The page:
Just days before the final ag Council meeting under the Czech EU presidency, member states’ positions on the Council Conclusions are still far apart. Things look a lot like last year when France attempted to show the way to long-term CAP reform, while some states resisted any move that could pre-empt the budget review/financial framework negotiations. CAP defenders are again trying to integrate far-reaching & far-fetched arguments on the benefits of the CAP that would point towards maintaining a big CAP budget and a strong first pillar.
A difference this time is that the Czechs are pushing the issue of redistributing subsidies across member states. Various criteria for future subsidy allocation have been floated. Some look rather dangerous: if CAP money is distributed according to agricultural employment or the number of farms, it will again be ‘farmers’ money’ and not public money to be spent on farming (and land use more generally) so as to enhance society’s well-being.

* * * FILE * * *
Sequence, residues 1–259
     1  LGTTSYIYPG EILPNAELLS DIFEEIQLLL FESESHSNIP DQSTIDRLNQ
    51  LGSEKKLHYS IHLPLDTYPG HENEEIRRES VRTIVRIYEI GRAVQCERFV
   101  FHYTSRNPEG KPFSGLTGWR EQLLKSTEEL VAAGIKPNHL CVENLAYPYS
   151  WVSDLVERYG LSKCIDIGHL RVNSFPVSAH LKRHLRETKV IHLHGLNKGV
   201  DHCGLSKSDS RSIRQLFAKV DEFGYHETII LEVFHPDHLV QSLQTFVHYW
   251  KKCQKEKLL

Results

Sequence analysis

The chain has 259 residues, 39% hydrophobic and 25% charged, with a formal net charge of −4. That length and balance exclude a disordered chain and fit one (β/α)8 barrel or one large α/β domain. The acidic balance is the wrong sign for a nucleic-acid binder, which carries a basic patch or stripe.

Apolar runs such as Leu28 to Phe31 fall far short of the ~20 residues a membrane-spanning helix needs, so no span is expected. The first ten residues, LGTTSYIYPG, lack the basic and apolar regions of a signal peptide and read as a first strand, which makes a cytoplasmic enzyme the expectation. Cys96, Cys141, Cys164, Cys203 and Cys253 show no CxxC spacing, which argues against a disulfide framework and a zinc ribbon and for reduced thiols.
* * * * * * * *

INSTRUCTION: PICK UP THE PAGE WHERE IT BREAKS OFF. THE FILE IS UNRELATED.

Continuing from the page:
ECIPE has just published a study that examines which criteria could reasonably guide future allocation. The study also develops scenarios for the future distribution of CAP subsidies (conservative, area-based, multifunctional). The results reveal surprising differences between the negotiating positions that countries traditionally adopt and the payments they can expect from reform. Some countries that defend the status quo would gain substantially from reform. This is especially striking in the case of Spain and Finland. By contrast, most Eastern European states can expect to gain only moderately – or they even risk losing. They would therefore be served best by minimizing CAP expenditures in order to free up money for the EU’s structural funds.